Recent events in Ferguson prompt me to write this now
Through most of elementary school, my best friend was Leslie. I loved her. We were a couple of nerds who didn’t really fit in with anyone but each other. She was very quiet and shy – that is, with everyone but me. We endlessly played jacks. We were the rulers of the game at our school – we mostly just played against each other because no one else could really challenge either one of us. Leslie was black.
John McPhee’s greatness lies in his ability to make the real world and its inhabitants as interesting as if they were fictional…
The Survival of the Bark Canoe by John McPhee (image courtesy Goodreads)
Here’s one from the 2014 reading list that I’ve been looking forward to reading. I have been a John McPhee fan since I was an undergraduate. My composition class “reader” had an excerpt from Oranges about fighting a frost in Florida with smudge pots that hooked me on his approach to nonfiction. (Some of the more hoary of you working through this piece may remember those books called readers. They were books of essays by great nonfiction writers assigned in 1st year composition classes to provide “writing models” to callow 18 years olds in the quaintly delusional hope that some of the greatness of an E.B. White, Lewis Thomas or John McPhee would enter our heads and come out through our pens back in those halcyon days when we rode dinosaurs to classes.) The use of these has been widely discontinued – an act, I suspect, owing as much to the despair writing teachers feel of ever encountering a writer who could, to borrow a metaphor from Rogers Hornsby, at least “carry the bat” of a White or Thomas – or McPhee – as to changes in the pedagogical approach to teaching writing.
The Survival of the Bark Canoe is a brief book, only 114 pages. That is often the case with McPhee; he does not write long pieces because he actually writes pieces suitable for inclusion in magazines. The magazine he is most closely associated with is the same one that E. B. White and his contemporary James Thurber helped make famous: The New Yorker. Given that magazine’s history for stellar writing – and occasionally writing that manages to be pompous and precious at once – one can easily jump to the conclusion that McPhee has that ironic, wittily condescending style many associate with the nation’s premier “high brow” mass market magazine (though these folks might disagree with that assessment). Nothing could be further from the truth – and therein lies McPhee’s greatness. His ability to immerse himself in the stories he explores and bring to life their characters draws readers along as if they were reading fiction. Continue reading →
Kromer’s novel of The Great Depression was his only fully achieved work…
Waiting for Nothing by Tom Kromer (image courtesy Goodreads)
I realize I have been remiss.
Despite two updates to my 2014 reading list (see here and here) I have still more books that I’ve added. So once I finish this essay on a rather singular work of literature from The Great Depression, I suppose it’s incumbent upon me to write a short piece to still further update my reading list.
But writing about the books themselves is ever so much more enjoyable, so let’s get to that first, shall we?
Waiting for Nothing by Tom Kromer is one of those books that rattles around in the halls of academe periodically as a “lost classic.” I first encountered it in my first full time college teaching job back in 1987 at Salem College. A now “lost and by the wind grieved” colleague, Pete Jordan, asked me if I were familiar with the work. When I told him no, he thrust a copy into my hands and told me in no uncertain terms that it was a book I should know.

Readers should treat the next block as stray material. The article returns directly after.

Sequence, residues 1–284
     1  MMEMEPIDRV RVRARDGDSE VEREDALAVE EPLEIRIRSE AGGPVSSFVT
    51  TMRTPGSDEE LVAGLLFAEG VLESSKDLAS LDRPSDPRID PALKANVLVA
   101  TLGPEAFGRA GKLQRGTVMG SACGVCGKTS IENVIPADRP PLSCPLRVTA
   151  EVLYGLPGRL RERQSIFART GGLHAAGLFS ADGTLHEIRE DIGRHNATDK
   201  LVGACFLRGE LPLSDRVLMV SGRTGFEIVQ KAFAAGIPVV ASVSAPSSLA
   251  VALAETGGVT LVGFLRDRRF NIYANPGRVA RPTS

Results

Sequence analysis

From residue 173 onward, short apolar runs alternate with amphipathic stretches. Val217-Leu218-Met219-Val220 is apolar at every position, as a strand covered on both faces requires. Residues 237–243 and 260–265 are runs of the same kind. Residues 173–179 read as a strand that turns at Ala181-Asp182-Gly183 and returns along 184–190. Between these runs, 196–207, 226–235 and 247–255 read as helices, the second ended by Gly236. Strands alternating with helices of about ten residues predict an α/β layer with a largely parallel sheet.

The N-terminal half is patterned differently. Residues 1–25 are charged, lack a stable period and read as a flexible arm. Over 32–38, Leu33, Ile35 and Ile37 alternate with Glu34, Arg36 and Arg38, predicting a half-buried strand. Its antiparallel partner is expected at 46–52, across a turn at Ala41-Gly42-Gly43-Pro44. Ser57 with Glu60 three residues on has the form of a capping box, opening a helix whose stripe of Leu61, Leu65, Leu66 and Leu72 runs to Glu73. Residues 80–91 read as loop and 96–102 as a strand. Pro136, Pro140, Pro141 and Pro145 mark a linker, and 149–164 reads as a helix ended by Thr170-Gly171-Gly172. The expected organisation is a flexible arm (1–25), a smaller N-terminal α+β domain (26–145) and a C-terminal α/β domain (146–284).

I took it home and read it in an evening. (That’s not a prodigious feat – the book is more a novella than a novel and the edition I reread for this essay, a very nice remounting by the University of Georgia Press, logs in at only 130 pages). It’s an alternately engrossing and wrenching narrative based on Kromer’s time as a “stiff” (the term refers to the many hobos who spent their time drifting from town to city across the country looking for work during the depths of the economic crisis in the early 1930’s). Continue reading →
Daffy Duck and Robin Williams will never die, not really…
Robin Williams died yesterday, and when I heard the news I immediately thought of this collection of Daffy Duck toys I keep in an old-fashioned hanging bird cage in my basement. I have kept these toys in this way for years, collecting dust in a dark room, locked away like the picture of Dorian Gray.
It’s like I have collected iconographic bits of my own particular madness and put them in a teeny jail, though I have always thought of it as a shrine to Daffy, my God of Insanity.
You know those events where people always remember where they were? Like Kennedy’s assassination. The Challenger disaster. 9/11.
Well, 40 years ago today was another big one: on August 9, 1974 Richard Nixon became the first American president to resign from office, finally bowing to pressure in the wake of the Watergate scandal. And yes, I remember where I was: Continue reading →
I remember so vividly the very first hint I ever had of her yet-to-be existence. I was in a store with my youngest sister and was suddenly so overwhelmed by fatigue that I was leaning over the shopping cart, unable to stop yawning, too weak to stand up on my own, afraid I would be unable to even drive us home. My sister, who already had two children and who knew that my husband and I had recently deliberately stopped using any birth control, began to laugh merrily and then dance circles around me, chanting “You’re pregnant, you’re pregnant, ha-ha, you’re pregnant….” It took three home pregnancy tests to finally confirm her suspicion.
The image of the first girl I fell in love with seared into my memory a minute after I met her. I was in a college-town bar, where a belly full of 7-and-7’s gave me gumption enough to ask her to dance. Under the ultraviolet lights, the contrast between her black hair and white sweater proved unforgettable.